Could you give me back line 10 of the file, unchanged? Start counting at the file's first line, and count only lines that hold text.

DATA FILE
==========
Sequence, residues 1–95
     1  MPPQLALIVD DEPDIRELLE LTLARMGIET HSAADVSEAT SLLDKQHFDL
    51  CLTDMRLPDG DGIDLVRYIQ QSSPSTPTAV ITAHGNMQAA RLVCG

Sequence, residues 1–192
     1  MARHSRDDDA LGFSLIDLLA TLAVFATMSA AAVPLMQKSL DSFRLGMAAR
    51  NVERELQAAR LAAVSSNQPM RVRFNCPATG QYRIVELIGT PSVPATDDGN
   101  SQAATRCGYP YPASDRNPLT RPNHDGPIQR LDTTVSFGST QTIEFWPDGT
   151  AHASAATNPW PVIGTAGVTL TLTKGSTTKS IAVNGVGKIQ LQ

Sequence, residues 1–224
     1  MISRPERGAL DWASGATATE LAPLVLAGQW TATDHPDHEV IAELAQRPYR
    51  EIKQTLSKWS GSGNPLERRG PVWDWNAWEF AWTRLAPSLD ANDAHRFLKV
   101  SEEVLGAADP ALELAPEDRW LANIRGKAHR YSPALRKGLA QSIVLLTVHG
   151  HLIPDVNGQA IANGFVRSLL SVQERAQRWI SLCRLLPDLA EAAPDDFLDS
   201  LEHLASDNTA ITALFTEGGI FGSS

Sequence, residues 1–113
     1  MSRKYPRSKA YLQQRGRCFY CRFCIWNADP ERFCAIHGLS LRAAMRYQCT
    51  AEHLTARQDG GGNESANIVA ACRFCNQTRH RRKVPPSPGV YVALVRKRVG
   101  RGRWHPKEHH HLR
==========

     1  MISRPERGAL DWASGATATE LAPLVLAGQW TATDHPDHEV IAELAQRPYR